If the analysis method considers only Second Order Analysis by Amplified
First Order Analysis (NZS 4.4.2.1(b)), it is assumed that the analysis does not
consider the influence of second order effects (P- and P-). Hence the analy-
sis results are amplified using
b
and
s
factors using the following approxi-
mate second-order analysis for calculating the required flexural strengths in
members of lateral load resisting systems. The required second-order flexural
strength, M
*
, is determined as follows:
M
*
=
b
(M
*
fb
+
s
M
*
fs
) Sway Frames (NZS 4.4.2.1(b), 4.4.3.3, App F)
M
*
=
b
(M
*
fb
+ M
*
fs
) Braced Frames(NZS 4.4.2.1(b), 4.4.3.2, App F)
where,

*
1,
1
m
b
omb
C
N
N
=
| |

|
\ .
and (NZS 4.4.3.2)

*
*
0.95
1,
1
s
s
s
N
h V
=

(NZS 4.4.3.3)
where,
M
*

= required second-order flexural strength using load combinations,
N-mm
M
*
fb
= first-order factored moment using the design load combinations,
assuming there is no lateral translation of the frame, N-mm
M
*
fs
= first-order factored moment using the design load combinations
caused by lateral translation of the frame only, N-mm
N
*
= required second-order axial strength using load combinations, N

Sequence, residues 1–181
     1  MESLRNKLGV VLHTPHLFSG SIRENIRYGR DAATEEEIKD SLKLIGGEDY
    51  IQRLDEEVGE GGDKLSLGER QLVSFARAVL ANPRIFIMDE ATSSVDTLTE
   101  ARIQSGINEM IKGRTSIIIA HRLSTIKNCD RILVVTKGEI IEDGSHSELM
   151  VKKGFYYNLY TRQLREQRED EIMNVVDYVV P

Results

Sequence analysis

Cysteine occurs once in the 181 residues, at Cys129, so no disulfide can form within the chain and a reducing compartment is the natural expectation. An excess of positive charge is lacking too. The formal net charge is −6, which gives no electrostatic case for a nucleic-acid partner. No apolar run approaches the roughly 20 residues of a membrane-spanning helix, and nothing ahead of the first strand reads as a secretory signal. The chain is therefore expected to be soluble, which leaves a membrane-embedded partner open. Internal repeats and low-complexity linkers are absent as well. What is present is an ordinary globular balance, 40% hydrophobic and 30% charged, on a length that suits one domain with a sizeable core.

Calculation of Factored Forces and Moments 3 - 29
Steel Frame Design Manual NZS 3404-1997

N
*
= total vertical load supported by the story, including gravity
column loads, N

V
*
= total story shear, N

s
= lateral strong drift, mm
h
s
= strong height, mm
C
m
= a coefficient assuming no lateral translation of the frame,
whose value is taken as follows:
(i) For beam-columns not subject to transverse loading
between supports in the plane of bending,
= 0.6 0.4 1.0
m m
C (NZS 4.4.3.2)

a
m
b
M
M
=
where, M
a
and M
b
, calculated from a first-order analysis,
are the smaller and larger moments, respectively, at the
ends of that portion of the member unbraced in the plane
of bending under consideration.
a b
M M is positive when
the member is bent in reverse curvature, negative when
bent in single curvature.
(ii) For beam-columns subjected to transverse loading between
supports, the value of C
m
is conservatively taken as 1.0 for
all cases (NZS 4.4.3.2.4(a)).
When M
b
is zero, C
m
is taken as 1.0, the program defaults C
m

to 1.0, if the unbraced length is more than actual member